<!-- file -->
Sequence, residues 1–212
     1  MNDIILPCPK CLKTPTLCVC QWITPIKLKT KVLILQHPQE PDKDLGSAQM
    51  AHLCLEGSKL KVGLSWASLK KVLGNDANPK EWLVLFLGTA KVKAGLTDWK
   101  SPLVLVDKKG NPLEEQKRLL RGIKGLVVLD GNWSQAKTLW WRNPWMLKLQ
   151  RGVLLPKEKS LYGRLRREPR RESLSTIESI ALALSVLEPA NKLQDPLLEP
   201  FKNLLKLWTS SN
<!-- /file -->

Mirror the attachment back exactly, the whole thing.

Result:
Sequence, residues 1–212
     1  MNDIILPCPK CLKTPTLCVC QWITPIKLKT KVLILQHPQE PDKDLGSAQM
    51  AHLCLEGSKL KVGLSWASLK KVLGNDANPK EWLVLFLGTA KVKAGLTDWK
   101  SPLVLVDKKG NPLEEQKRLL RGIKGLVVLD GNWSQAKTLW WRNPWMLKLQ
   151  RGVLLPKEKS LYGRLRREPR RESLSTIESI ALALSVLEPA NKLQDPLLEP
   201  FKNLLKLWTS SN